Commons Democracy: Reading the Politics of Participation in the Early United States

Commons Democracy: Reading the Politics of Participation in the Early United States

Commons Democracy: Reading the Politics of Participation in the Early United States

Commons Democracy: Reading the Politics of Participation in the Early United States


Commons Democracy highlights a poorly understood dimension of democracy in the early United States. It tells a story that, like the familiar one, begins in the Revolutionary era. But instead of the tale of the Founders’ high-minded ideals and their careful crafting of the safe framework for democracy—a representative republican government—Commons Democracy examines the power of the democratic spirit, the ideals and practices of everyday people in the early nation. As Dana D. Nelson reveals in this illuminating work, the sensibility of participatory democratic activity fueled the involvement of ordinary folk in resistance, revolution, state constitution-making, and early national civic dissent. The rich variety of commoning customs and practices in the late colonies offered non-elite actors a tangible and durable relationship to democratic power, one significantly different from the representative democracy that would be institutionalized by the Framers in 1787. This democracy understood political power and liberties as communal, not individual. Ordinary folk practiced a democracy that was robustly participatory and insistently local. To help tell this story, Nelson turns to early American authors—Hugh Henry Brackenridge, James Fenimore Cooper, Robert Montgomery Bird, and Caroline Kirkland—who were engaged with conflicts that emerged from competing ideals of democracy in the early republic, such as the Whiskey Rebellion and the Anti-Rent War as well as the enclosure of the legal commons, anxieties about popular suffrage, and practices of frontier equalitarianism. While Commons Democracy is about the capture of “democracy” for the official purposes of state consolidation and expansion, it is also a story about the ongoing (if occluded) vitality of commons democracy, of its power as part of our shared democratic history and its usefulness in the contemporary toolkit of citizenship.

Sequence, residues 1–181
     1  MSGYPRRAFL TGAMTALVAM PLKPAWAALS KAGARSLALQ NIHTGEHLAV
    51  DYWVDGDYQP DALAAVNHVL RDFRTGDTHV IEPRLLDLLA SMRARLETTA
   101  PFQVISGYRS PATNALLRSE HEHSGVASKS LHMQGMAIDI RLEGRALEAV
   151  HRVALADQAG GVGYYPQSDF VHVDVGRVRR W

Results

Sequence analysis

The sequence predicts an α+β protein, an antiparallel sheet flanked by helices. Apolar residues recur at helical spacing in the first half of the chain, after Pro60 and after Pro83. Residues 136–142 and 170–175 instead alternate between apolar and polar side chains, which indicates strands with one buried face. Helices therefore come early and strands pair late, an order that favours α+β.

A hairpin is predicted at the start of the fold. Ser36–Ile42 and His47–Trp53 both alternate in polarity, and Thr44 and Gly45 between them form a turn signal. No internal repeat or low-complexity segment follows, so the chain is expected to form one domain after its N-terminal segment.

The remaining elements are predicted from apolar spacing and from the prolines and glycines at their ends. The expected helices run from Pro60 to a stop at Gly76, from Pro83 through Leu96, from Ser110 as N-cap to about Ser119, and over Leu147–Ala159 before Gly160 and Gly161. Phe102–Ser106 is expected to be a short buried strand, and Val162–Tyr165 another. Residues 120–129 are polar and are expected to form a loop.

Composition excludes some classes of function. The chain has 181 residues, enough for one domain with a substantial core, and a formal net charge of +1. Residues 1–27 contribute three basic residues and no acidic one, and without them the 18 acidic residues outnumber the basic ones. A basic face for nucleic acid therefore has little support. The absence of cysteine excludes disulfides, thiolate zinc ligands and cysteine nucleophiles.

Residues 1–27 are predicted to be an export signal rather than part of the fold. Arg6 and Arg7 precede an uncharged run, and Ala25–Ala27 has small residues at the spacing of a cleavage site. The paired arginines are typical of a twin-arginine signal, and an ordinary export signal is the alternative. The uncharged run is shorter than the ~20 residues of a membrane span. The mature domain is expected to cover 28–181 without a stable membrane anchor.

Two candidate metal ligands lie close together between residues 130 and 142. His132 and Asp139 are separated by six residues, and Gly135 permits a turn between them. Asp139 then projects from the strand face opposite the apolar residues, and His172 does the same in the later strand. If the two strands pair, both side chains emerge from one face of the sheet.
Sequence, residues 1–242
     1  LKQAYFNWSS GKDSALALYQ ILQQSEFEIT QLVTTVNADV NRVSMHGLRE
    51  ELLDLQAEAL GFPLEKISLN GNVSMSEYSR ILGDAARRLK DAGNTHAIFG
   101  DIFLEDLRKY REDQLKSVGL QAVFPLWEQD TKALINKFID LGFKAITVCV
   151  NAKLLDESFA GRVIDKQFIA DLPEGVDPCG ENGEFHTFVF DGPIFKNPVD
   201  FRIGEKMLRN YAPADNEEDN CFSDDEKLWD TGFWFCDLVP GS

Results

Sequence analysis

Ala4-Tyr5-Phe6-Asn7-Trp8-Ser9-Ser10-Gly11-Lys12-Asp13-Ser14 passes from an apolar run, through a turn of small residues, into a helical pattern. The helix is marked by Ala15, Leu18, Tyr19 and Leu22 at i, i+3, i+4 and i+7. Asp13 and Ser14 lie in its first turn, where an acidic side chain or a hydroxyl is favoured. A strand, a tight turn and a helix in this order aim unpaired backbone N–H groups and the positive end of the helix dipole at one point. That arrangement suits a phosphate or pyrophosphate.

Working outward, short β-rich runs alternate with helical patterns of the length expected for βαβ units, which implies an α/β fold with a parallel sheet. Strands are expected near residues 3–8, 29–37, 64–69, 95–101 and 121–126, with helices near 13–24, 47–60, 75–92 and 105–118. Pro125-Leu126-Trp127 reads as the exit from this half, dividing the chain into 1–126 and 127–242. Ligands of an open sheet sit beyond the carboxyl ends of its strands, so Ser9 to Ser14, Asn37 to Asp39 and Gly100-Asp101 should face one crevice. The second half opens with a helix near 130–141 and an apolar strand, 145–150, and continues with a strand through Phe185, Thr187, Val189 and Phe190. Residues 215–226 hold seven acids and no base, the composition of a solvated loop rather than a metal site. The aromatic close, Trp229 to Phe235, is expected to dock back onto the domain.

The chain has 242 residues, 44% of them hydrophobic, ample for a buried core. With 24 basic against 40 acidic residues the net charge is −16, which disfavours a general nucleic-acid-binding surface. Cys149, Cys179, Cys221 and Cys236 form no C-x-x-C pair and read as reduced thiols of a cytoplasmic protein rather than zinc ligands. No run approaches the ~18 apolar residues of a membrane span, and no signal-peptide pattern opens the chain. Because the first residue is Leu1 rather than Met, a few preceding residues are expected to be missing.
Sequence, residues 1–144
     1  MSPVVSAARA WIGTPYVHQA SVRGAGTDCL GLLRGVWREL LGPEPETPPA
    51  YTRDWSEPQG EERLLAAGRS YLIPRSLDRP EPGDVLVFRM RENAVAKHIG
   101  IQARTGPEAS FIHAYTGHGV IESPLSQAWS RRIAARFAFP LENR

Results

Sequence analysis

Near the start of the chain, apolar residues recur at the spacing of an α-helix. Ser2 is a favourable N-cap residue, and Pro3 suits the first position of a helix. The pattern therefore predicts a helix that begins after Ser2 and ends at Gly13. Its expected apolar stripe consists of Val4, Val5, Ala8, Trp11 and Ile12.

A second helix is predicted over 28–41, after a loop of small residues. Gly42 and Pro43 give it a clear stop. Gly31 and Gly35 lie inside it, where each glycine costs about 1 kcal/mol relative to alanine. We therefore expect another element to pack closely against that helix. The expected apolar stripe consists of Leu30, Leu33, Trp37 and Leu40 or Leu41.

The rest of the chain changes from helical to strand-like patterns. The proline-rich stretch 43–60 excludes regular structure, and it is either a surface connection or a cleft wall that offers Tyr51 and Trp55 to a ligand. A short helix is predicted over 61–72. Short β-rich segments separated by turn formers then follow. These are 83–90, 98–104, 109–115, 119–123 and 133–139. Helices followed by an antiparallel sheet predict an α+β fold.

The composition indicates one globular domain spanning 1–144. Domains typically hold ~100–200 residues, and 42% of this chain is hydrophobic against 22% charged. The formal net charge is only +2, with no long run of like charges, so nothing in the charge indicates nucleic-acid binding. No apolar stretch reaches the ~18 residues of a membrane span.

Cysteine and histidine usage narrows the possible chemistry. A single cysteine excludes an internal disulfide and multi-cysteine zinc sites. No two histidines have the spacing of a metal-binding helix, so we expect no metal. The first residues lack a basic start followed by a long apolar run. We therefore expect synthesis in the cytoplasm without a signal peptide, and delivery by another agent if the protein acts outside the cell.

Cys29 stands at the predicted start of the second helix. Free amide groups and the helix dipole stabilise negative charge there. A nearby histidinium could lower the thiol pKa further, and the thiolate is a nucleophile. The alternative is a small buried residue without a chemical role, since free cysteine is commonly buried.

“What, then, is the American, this new man?” Crèvecoeur famously questions in a preamble to what is surely one of the most anthologized passages in American literature:

Here individuals of all nations are melted into a new race of men,
whose labours and posterity will one day cause great changes in the
world. Americans are the western pilgrims who are carrying along
with them that great mass of arts, sciences, vigour and industry which
began long since in the East; they will finish the great circle … Here
the rewards of his industry follow with equal steps the progress of his
labour; his labour is founded on the basis of nature, self-interest; can
it want a stronger allurement? … the American is a new man, who
acts on new principles; he must therefore entertain new ideas and
form new opinions. From involuntary idleness, servile dependence,
penury and useless labour, he has passed to toils of a very different
nature, rewarded by ample subsistence. This is an American. (69–70)

Downplaying the fact that the citizenship Crèvecoeur celebrates is British and not American, anthologists have long loved this passage for the way it celebrates two familiar signposts of U.S. democratic belonging: the ethnic melting pot and the self-interested individual who in America encounters conditions that enable economic self-making and self-advancement.

But the selective anthologizing of this passage, which comes from the opening of the long third letter from the eponymous Farmer James to his European interlocutor, Abbé Raynal, arguably (as is often the case in . . .

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